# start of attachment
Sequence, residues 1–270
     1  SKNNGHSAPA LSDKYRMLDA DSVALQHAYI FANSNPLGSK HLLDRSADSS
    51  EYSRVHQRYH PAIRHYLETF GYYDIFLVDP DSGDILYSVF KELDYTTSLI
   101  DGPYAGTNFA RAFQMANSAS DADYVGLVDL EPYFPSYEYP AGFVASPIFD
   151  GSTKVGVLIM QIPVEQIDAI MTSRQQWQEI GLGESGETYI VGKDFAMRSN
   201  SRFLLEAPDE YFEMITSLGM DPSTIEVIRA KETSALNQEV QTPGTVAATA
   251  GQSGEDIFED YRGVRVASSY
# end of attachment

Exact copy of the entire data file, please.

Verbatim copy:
Sequence, residues 1–270
     1  SKNNGHSAPA LSDKYRMLDA DSVALQHAYI FANSNPLGSK HLLDRSADSS
    51  EYSRVHQRYH PAIRHYLETF GYYDIFLVDP DSGDILYSVF KELDYTTSLI
   101  DGPYAGTNFA RAFQMANSAS DADYVGLVDL EPYFPSYEYP AGFVASPIFD
   151  GSTKVGVLIM QIPVEQIDAI MTSRQQWQEI GLGESGETYI VGKDFAMRSN
   201  SRFLLEAPDE YFEMITSLGM DPSTIEVIRA KETSALNQEV QTPGTVAATA
   251  GQSGEDIFED YRGVRVASSY